Monday, 21 January, 2019

Nintendo Classic Mini: Super Nintendo Entertainment System

SNES Classic Mini pre-order update- John Lewis STOCK ALERT for Nintendo fans NINTENDO SNES Classic Mini pre-order update- John Lewis STOCK ALERT for Nintendo fans
Nellie Chapman | 28 September, 2017, 08:30

While most modern TVs admittedly have a USB slot built-in, for those still clinging to older models, powering the SNES Classic might be a bit of a nuisance. Once again, you can apply visual filters to games, from a CRT flicker to pixel-perfect presentations taking advantage of the full 1080p high definition afforded by HDMI output.

One is called Rewind, which lets players back up a minute or so in a game to restart hard challenges. If you're lucky enough to get your hands on one, you'll likely find it to be a highly-enjoyable and well-made recreation of the classic console.

What makes this miniature SNES so much more appealing is the selection of heavy hitters Nintendo has packaged with it - Star Fox, Final Fantasy VI (listed as Final Fantasy III) and The Legend of Zelda: A Link to the Past to name just a few. The software, however, goes beyond emulation, as it also mimics the add-on processors of specific SNES games such as the Super FX and Super FX2 chips for Star Fox and its sequel and the SA1 CPU upgrade for Super Mario RPG. Super Mario World 2: Yoshi's Island has also aged pretty well.

Racing fans have two all-time classics to contend with, in the form of Super Mario Kart and F-Zero. Nintendo again opts not to include a plug, so you'll need to source a spare micro-USB cable and mains adaptor to actually power it.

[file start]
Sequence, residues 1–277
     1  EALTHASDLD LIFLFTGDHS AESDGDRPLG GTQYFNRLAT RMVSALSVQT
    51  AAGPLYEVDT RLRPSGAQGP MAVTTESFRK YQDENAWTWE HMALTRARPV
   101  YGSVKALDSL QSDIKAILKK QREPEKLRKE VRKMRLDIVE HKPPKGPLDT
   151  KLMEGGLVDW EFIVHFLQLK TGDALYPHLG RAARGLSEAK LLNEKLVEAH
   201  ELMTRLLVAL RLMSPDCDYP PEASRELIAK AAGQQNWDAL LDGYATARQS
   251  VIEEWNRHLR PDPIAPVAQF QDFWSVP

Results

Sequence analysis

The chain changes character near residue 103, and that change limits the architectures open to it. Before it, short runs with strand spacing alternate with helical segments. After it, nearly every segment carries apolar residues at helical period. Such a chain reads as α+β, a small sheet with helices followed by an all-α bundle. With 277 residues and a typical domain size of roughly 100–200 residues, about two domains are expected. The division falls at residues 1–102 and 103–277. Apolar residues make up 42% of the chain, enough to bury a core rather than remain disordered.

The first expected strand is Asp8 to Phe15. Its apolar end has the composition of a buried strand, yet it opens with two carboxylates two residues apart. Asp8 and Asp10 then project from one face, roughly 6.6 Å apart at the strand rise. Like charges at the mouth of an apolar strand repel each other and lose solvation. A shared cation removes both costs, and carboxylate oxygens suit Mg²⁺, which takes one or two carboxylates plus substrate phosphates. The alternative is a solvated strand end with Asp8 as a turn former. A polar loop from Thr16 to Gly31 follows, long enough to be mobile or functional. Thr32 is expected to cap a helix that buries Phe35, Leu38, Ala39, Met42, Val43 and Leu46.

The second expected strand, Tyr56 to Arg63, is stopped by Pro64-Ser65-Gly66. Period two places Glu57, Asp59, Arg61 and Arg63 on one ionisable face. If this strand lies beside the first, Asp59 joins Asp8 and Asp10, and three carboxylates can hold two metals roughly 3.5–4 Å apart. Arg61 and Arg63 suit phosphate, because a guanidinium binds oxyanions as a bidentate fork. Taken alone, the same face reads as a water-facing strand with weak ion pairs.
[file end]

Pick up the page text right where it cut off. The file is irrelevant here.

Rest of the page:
Nintendo has always tried to faithfully recreate their titles when emulating (it's part of the reason Virtual Console releases are slow) and these titles are faithful recreations of the originals, except for the fact they thankfully now run on 60Hz.

All of us - everyone here at Gamereactor and each of you - will have grown up with Nintendo in our lives to some degree. Thankfully, everything is A-OK here, and Nintendo has even managed to increase the length of the cable compared to what was found in the NES Classic Edition.

For retro gamers and Nintendo fans, the SNES Mini has turned out to be yet another must-have accessory, but we think there'll also be plenty of people beyond the niche band of classics-lovers out there who'll want to pick up this collection of timeless games.

At least the controller cables, which are also around 1.52m, are longer than they were for the NES Classic. There are still no details on the storage capacity of the SNES Classic. With restore points (custom save points) returning once again, and the option to play in pixel flawless HD or a grainy CRT mode, the SNES Mini offers a refreshingly accessible way to play some of gaming's greatest gems.

On the other hand, there are some serious omissions here. Couldn't they fit in a couple of the Super Nintendo's clever action-RPGs, like Actraiser or Illusion of Gaia?

There are a couple more key Nintendo franchises represented, notably Donkey Kong Country, which still looks and plays great, even after all these years. Before we get onto why the game is worth a punt when you boot up that shiny new SNES Mini, it's worth exploring exactly what made it - and its forerunner, 1993's Star Fox (known as Starwing in Europe at the time of release due to the similarity of the name to a German company called StarVox) is so important in the grand scheme of things. First: "The SNES had some of the best games of all time; this is going to be awesome!" The general build quality and feel aren't far off from the original SNES pad - the D-pad and buttons may be a little spongier, although it's been a long time since I played on a SNES - but they're definitely full-sized and are comfortable to play with for long durations.

The SNES Classic does everything it promises to do. As both a collector's item and a regular addition to anyone's gaming rotation, it is superb. There's no filler here, every game on the platform is a must play.